Despite its acceptance as standard of care for early stage breast cancer almost 25 years ago, barriers still exist that preclude patients from receiving breast conserving therapy (BCT)--with some still opting for a mastectomy, according to a large-scale retrospective analysis.

The study from the University of Texas MD Anderson Cancer Center, presented at the recent 2014 Breast Cancer Symposium, finds barriers that still exist are socio-economic, rather than medically-influenced.

For the retrospective, population-based study, the MD Anderson team used the National Cancer Database, a nation-wide outcomes registry of the American College of Surgeons, the American Cancer Society and the Commission on Cancer that captures approximately 70 percent of newly-diagnosed cases of cancer in the country. They identified 727,927 women with early-stage breast cancer, all of whom were diagnosed between 1998 and 2011 and had undergone either BCT or a mastectomy.

Overall, the researchers found that BCT rates increased from 54 percent in 1998 to 59 percent in 2006, and stabilized since then. Adjusting for demographic and clinical characteristics, BCT use was more common in women: age 52-61 compared to younger or older patients; with a higher education level and median income; with private insurance, compared to those uninsured; and who were treated at an academic medical center versus a community medical center.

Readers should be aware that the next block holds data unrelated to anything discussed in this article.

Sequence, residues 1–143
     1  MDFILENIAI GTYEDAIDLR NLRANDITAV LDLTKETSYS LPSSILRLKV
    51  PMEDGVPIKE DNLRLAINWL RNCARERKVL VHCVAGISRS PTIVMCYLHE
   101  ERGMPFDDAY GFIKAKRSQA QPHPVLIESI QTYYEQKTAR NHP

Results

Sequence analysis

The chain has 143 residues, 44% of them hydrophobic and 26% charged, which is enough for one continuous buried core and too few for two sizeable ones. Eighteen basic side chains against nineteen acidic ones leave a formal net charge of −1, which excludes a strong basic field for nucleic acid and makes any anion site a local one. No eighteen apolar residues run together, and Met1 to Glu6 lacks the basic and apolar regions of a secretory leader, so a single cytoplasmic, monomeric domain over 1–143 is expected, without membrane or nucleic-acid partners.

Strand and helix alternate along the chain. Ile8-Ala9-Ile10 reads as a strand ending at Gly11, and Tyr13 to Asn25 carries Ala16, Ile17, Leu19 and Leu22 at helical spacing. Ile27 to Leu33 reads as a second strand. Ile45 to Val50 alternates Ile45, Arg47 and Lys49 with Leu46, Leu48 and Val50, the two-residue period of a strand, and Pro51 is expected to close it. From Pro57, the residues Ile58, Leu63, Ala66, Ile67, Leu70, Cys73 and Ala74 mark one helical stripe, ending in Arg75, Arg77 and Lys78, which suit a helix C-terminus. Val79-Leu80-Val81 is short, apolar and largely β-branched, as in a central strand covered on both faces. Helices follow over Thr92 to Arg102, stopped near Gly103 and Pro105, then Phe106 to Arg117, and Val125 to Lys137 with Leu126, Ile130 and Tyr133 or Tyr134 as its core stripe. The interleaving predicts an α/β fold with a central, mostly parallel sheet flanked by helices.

Geographically, BCT rates were higher in the Northeast than in the South, and in those women who lived within 17 miles of a treatment facility compared to those who lived further away.

BCT for early stage breast cancer includes breast conserving surgery, followed by six weeks of radiation. It has been the accepted standard of care for early stage breast cancer since 1990 when randomized, prospective clinical trials confirmed its efficacy--leading to the National Institute of Health issuing a consensus statement. Yet, a number of patients still opt for a mastectomy. In hopes of ultimately democratizing care, it was important to look at surgical choices made by women and their association with disparities, according to senior author Isabelle Bedrosian, M.D., associate professor of surgical oncology at MD Anderson.

Bedrosian was gratified to see that in the areas where physicians and the medical field can make a direct impact--such as geographic distribution and practice type--disparities have equalized over time. However, she noted that factors outside the influence of the medical field, such as insurance type, income, and education, still remain. Of great interest is the insurance disparity, she said.

“Now with healthcare exchanges providing new insurance coverage options, will we rectify the disparity and overall increase BCT use? We will have wait to see,” added Bedrosian.

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